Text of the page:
Whoever was responsible the result could not be questioned. Taken were 11 pieces of mixed ordnance and 127 prisoners. The troubles for the fleeing defenders were not over. As they neared the relative safety of Battery Wagner the retreating men ran head long into reinforcements that had been sent to their aid. Men from the 7th South Carolina Battalion and 20th South Carolina were dispatched to Morris Island at the first sign of the attack. Landed at Cumming’s Point these men had run nearly the full length of the island. Exhausted they were caught up in the stampede towards Battery Wagner. The entire force became a retreating mob seeking the shelter of Wagner’s walls. Inside the fort at least one Confederate viewed the disorganized men and felt that “only a little dash on the part of the union army would have given them the whole island; all they had to do was press on.”

But press on they could not. The unexpected ease of their initial victory had worked against that aim. The assaulting troops were exhausted by two consecutive nights with little or no sleep and the mad dash after the routed enemy and also disorganized by the rapid turn of events. Although their close proximity to Battery Wagner and thus the enemy put them in harm’s way from further shelling the naval bombardment was stopped the guns at Fort Sumter now had them in range. Night was falling and the lengthy trip by the boats to get fresh troops over from Folly Island precluded any further action. Any assault would wait for reinforcements.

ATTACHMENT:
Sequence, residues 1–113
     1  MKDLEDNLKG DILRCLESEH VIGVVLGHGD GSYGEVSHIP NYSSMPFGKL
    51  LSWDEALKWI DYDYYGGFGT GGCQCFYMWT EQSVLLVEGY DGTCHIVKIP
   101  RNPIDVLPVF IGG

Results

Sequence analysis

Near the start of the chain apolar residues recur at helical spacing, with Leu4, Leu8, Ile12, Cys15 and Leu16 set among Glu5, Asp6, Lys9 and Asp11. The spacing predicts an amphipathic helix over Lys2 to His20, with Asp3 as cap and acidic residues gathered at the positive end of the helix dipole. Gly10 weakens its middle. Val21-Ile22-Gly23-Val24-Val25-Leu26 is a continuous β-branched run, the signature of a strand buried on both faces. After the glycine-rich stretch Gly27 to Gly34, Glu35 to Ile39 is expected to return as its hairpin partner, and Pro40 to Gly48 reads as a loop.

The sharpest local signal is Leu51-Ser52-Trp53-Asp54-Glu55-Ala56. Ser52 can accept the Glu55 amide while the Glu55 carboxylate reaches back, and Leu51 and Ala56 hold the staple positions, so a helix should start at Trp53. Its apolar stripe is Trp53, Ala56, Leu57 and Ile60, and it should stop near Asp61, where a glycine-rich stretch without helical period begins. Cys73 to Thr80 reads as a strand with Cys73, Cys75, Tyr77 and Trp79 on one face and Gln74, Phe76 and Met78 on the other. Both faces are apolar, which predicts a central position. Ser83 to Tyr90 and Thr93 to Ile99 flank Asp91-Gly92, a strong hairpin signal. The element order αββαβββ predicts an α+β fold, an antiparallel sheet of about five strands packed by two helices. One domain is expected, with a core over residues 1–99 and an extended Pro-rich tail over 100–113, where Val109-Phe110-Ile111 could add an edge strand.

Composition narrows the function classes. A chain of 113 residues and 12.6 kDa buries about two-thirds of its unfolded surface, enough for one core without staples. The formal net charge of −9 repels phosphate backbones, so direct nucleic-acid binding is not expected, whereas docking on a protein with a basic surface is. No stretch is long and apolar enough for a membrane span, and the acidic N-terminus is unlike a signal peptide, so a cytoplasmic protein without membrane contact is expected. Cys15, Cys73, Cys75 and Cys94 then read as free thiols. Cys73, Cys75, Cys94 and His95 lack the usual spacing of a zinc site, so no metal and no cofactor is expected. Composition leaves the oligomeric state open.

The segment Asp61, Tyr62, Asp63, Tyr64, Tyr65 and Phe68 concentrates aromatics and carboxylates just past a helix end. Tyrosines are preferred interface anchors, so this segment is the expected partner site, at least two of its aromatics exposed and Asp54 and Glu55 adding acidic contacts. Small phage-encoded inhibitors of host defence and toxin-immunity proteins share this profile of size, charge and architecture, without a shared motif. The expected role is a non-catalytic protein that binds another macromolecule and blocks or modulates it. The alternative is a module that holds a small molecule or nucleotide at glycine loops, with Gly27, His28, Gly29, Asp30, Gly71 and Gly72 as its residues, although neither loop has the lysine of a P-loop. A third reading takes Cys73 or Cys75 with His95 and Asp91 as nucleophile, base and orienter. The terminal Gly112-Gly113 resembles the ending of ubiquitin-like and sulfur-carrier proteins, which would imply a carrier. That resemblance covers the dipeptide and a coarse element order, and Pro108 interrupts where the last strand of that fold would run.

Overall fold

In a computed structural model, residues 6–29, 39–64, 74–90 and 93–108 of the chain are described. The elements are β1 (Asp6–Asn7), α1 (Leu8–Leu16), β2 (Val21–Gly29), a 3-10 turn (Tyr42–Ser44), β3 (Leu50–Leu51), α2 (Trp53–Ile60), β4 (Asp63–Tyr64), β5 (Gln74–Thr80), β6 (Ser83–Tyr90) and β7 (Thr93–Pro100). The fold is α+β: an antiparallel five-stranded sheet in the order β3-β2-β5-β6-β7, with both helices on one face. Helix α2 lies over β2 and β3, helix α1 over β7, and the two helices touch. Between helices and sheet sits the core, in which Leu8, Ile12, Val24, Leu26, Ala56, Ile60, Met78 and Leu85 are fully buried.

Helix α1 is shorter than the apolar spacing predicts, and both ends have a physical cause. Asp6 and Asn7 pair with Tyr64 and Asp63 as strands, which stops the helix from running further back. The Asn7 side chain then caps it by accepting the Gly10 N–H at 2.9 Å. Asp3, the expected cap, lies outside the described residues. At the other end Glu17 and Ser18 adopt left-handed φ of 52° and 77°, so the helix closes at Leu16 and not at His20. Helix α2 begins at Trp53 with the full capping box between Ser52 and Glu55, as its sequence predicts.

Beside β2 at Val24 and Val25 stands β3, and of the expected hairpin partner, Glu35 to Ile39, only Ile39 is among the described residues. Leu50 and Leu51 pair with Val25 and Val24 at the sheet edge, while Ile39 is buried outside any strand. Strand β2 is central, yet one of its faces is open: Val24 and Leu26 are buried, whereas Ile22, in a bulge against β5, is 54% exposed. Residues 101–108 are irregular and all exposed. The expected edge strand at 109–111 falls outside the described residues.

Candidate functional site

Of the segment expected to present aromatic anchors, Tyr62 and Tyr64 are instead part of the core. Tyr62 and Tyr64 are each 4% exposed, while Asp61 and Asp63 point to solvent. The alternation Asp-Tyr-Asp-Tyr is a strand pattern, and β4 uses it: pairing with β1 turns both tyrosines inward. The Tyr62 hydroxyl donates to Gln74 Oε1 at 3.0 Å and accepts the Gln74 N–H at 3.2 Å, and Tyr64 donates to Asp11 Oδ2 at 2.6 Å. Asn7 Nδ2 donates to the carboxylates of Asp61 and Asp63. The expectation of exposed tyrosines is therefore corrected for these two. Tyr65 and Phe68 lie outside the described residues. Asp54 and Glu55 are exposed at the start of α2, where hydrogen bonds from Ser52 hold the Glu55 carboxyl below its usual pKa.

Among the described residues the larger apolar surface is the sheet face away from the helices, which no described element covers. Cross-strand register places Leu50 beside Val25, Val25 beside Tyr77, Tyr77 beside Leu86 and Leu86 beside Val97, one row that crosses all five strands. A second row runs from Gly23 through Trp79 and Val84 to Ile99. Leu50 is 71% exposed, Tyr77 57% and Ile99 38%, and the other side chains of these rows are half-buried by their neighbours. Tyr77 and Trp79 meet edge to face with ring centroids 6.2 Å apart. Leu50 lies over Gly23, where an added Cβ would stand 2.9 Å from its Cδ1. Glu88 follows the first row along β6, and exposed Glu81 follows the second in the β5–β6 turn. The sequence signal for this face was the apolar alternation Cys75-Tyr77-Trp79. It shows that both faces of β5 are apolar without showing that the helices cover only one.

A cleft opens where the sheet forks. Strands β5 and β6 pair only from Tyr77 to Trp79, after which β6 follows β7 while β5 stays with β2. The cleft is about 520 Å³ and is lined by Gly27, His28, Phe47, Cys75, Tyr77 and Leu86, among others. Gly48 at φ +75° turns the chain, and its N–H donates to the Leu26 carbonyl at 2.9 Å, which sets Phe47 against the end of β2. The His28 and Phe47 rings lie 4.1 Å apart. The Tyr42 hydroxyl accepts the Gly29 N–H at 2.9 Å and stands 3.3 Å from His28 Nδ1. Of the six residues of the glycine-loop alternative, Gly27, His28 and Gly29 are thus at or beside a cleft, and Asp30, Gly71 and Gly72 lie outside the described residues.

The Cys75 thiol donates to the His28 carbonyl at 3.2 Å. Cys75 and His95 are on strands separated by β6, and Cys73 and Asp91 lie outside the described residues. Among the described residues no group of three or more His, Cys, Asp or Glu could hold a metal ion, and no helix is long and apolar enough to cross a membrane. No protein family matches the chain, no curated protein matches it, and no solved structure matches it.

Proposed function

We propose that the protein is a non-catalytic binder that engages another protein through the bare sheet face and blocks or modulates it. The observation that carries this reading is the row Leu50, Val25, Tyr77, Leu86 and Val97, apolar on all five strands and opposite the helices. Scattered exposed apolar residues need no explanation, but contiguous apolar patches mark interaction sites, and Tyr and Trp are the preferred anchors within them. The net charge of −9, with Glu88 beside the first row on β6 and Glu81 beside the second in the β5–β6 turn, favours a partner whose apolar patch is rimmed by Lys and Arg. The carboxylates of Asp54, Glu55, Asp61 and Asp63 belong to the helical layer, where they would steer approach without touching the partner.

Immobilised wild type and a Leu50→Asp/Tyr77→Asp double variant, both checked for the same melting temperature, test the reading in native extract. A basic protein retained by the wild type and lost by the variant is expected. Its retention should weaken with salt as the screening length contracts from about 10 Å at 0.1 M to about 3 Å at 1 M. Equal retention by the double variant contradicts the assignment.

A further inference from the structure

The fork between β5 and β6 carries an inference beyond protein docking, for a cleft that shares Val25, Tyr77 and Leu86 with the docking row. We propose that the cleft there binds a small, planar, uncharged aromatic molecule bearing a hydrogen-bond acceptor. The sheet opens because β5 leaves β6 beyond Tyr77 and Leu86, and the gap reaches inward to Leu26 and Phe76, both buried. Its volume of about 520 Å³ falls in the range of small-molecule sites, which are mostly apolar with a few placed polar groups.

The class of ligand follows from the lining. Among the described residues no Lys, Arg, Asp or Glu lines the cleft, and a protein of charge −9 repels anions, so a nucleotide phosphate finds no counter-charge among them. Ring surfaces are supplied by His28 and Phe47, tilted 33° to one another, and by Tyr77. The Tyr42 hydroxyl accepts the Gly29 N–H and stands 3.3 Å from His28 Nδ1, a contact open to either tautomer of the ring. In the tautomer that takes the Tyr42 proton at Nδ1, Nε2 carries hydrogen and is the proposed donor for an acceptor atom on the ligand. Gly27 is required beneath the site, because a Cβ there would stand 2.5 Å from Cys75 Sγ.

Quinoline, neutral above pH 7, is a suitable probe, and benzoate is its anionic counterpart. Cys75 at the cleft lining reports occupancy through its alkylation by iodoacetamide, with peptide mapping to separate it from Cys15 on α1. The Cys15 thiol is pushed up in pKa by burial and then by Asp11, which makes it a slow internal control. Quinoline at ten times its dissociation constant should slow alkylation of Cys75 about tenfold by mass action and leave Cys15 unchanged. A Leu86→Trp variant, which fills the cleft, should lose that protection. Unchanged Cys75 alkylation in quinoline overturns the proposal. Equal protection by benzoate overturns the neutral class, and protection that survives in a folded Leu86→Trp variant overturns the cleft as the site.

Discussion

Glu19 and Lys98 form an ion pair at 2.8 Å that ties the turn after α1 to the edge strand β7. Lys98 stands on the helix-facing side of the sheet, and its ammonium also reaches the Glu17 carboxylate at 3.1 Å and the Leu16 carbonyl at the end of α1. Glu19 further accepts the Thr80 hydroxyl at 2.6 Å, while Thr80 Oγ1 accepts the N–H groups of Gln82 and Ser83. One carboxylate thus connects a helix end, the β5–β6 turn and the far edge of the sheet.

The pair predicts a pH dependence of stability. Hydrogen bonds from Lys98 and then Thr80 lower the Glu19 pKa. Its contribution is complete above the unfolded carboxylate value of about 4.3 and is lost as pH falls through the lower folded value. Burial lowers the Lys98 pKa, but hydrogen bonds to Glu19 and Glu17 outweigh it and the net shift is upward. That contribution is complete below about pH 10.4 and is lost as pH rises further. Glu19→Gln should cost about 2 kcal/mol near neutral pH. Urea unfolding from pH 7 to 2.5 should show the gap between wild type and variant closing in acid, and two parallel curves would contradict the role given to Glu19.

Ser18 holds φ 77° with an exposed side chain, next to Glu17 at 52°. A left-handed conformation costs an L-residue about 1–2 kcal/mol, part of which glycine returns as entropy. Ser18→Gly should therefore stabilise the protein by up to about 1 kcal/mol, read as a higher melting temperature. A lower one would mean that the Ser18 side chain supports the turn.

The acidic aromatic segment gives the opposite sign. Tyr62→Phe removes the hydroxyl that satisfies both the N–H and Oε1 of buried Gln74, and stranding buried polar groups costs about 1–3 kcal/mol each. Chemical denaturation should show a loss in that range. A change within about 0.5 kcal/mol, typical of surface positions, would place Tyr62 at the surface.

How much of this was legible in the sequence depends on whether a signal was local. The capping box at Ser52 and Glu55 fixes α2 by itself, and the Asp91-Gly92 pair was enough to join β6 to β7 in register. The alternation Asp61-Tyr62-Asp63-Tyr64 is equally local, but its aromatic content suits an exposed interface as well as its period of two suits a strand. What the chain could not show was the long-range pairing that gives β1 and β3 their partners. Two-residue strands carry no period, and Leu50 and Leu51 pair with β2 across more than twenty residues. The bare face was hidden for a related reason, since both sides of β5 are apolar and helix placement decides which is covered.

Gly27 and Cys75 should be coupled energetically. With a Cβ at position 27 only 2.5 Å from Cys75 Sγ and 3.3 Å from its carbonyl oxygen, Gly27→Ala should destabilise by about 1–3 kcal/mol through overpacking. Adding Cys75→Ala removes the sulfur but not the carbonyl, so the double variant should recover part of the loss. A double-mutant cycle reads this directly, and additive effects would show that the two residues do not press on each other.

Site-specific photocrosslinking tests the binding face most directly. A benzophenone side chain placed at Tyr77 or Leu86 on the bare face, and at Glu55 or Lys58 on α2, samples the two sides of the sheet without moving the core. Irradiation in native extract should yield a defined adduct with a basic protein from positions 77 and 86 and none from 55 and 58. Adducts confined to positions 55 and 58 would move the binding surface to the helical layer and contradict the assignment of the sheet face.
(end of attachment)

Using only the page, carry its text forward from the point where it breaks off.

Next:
July 11th Assault on Battery Wagner